The SEC recently released a proposed rule pursuant to Section 956 of the Dodd-Frank Wall Street Reform and Consumer Protection Act (“Dodd-Frank”) with respect to the implementation of incentive-based compensation arrangements for certain covered institutions. The SEC is the last federal regulator to promulgate rules under Section 956. The SEC proposal places strict focus on creating a culture of accountability at financial services firms in the aftermath of the 2008 financial collapse that gave rise to Dodd-Frank. The proposal attempts to rein in undue risk taking by clamping down on incentive-based compensation and emphasizing risk control management. To date, the National Credit Union Administration, Office of the Comptroller of the Currency, Federal Deposit Insurance Corporation, Federal Housing Financing Agency and the Board of Governors of the Federal Reserve System have all promulgated rules under the requirements of Section 956 of Dodd-Frank.
The SEC has issued these proposed rules, in accordance with Section 956 of Dodd Frank, which requires the aforementioned federal regulators to jointly issue regulations or guidelines (1) prohibiting incentive-based payment arrangements that the federal regulators determine encourage inappropriate risks by certain financial institutions by providing excessive compensation or that could lead to material financial loss; and (2) requiring those financial institutions to disclose information concerning incentive-based compensation arrangements to the appropriate federal regulator. Additionally, the proposed rules would require all covered institutions, regardless of size, to implement additional record keeping and compliance procedures to help stop excessive compensation that could result in inappropriate risk taking.
Incentive-based compensation is any variable compensation, fees or benefits that serves as an incentive or reward for performance. Compensation, fees or benefits that are awarded solely for, and the payment of which is solely tied to, continued employment would not be incentive-based compensation.
The proposed SEC rule applies to United States broker-dealers and investment advisers and creates three tiers of regulation based on asset size, which would be determined using regulatory reports filed by such institution. Generally, the prosed rule will capture any broker-dealer or investment adviser that has total consolidated assets of greater than or equal to $1 billion and less than $50 billion (a “Level 3 Institution”). However, the requirements under the proposed rule become increasingly onerous for broker-dealers and investment advisers with total consolidated assets greater than or equal to $50 billion and less than $250 billion (a “Level 2 Institution”) and are most stringent for those entities with total consolidated assets of greater than $250 billion or more (a “Level 1 Institution”).
The proposed rule applies to “covered persons” such as any executive officer, employee, director, or principal shareholder who receives incentive-based compensation. The most notable requirements under the proposed rule apply to "senior executive officers" or "significant risk-takers." Senior executives include, among others, the CEO, CFO and COO. Significant risk-takers generally include individuals who are not "senior executive officers" but may still expose a Level 1 or Level 2 institution to material financial loss. To qualify as a covered person, a significant risk-taker must receive at least 1/3 of his/her total compensation as incentive based compensation and meet either the "relative-compensation test" or "exposure test." The "relative-compensation test" covers those employees in the top 5% of the highest compensated employees for Level 1 institutions and the top 2% for Level 2 institutions. The exposure test covers any person who may commit or expose 0.5% or more of the capital of the broker-dealer or investment adviser.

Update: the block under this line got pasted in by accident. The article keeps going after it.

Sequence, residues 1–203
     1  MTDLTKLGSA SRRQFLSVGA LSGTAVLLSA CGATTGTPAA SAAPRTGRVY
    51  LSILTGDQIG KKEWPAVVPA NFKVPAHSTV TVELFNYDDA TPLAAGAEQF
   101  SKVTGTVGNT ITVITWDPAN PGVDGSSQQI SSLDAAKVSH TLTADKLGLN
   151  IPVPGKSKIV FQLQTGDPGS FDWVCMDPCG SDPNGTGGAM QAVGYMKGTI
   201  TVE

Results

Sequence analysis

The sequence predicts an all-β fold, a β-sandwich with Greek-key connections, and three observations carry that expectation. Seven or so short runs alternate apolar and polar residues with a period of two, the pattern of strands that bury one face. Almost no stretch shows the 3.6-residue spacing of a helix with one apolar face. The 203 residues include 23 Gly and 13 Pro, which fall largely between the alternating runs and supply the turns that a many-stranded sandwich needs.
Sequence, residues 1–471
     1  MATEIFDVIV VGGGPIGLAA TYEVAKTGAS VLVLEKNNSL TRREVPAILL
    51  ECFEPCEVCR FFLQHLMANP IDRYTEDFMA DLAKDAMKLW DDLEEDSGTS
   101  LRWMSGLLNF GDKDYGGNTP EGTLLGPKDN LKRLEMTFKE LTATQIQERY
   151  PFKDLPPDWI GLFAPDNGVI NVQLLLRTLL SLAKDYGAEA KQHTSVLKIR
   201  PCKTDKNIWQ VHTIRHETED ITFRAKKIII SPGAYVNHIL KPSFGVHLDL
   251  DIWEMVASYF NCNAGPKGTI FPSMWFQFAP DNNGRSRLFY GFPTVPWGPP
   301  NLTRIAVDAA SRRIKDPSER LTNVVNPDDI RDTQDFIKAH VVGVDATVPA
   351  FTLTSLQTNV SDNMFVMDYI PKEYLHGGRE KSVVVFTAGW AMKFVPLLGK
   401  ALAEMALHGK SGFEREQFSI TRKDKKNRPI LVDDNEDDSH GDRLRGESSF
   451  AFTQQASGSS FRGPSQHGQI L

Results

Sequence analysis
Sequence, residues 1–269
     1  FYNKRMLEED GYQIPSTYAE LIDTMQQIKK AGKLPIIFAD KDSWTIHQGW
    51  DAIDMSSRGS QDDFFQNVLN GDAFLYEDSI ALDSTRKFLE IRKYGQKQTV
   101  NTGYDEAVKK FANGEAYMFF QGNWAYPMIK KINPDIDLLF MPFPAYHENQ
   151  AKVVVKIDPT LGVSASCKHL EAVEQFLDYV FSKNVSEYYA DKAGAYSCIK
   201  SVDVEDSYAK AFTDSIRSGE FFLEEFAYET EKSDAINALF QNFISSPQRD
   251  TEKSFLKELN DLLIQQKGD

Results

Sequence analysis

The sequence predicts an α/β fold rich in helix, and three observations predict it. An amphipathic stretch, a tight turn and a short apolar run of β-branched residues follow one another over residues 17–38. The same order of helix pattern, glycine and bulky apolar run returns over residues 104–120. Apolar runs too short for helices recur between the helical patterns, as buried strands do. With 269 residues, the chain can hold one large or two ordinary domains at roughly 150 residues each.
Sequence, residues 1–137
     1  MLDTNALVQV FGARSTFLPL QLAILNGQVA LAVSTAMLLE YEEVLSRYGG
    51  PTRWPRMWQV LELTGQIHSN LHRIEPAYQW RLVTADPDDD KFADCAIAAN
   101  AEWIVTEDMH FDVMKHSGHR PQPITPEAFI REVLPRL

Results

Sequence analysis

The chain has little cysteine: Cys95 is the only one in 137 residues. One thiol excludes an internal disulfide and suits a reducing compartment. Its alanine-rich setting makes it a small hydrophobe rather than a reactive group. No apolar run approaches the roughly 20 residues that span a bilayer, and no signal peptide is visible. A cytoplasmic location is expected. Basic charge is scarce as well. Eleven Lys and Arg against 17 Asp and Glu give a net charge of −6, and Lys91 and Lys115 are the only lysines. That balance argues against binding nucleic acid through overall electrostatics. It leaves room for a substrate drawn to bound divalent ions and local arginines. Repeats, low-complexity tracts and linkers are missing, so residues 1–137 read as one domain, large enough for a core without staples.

With respect to Level 1 Institutions, at least 60% of the incentive-based compensation for senior executive officers (50% for the significant risk-takers), must be deferred for at least four years and at least 60% (50% for significant risk-takers) of compensation awarded under a long term incentive plan ("LTIP") must be deferred at least two years, in each case beyond the end of the performance period.
With respect to Level 2 Institutions, at least 50% of the incentive-based compensation for senior executive officers (40% for the significant risk-takers), must be deferred for at least three years and at least 50% (40% for significant risk-takers) of compensation awarded under an LTIP must be deferred at least one year, in each case beyond the end of the performance period.
A Level 3 Institution is not subject to the same minimum required deferrals as a Level 1 or Level 2 Institution.
In addition, for both Level 1 and Level 2 covered institutions, all incentive-based compensation awarded to senior executive officers and significant risk-takers must be subject to clawback for at least seven years from the vesting date. Level 3 Institutions are not subject to the clawback requirement.
If adopted as proposed, advisers and broker-dealers would need to comply no later than the beginning of the first calendar quarter that begins at least 540 days after the final rule is published in the Federal Register. Whether a broker-dealer or investment adviser is a Level 1, Level 2 or Level 3 Institution on the compliance date would be determined based on the average total consolidated assets as of the beginning of the first calendar quarter that begins after a final rule is published in the Federal Register.
The SEC is accepting comments on the proposed rule until July 22, 2016.
Interested parties may find a copy of the proposed rule here.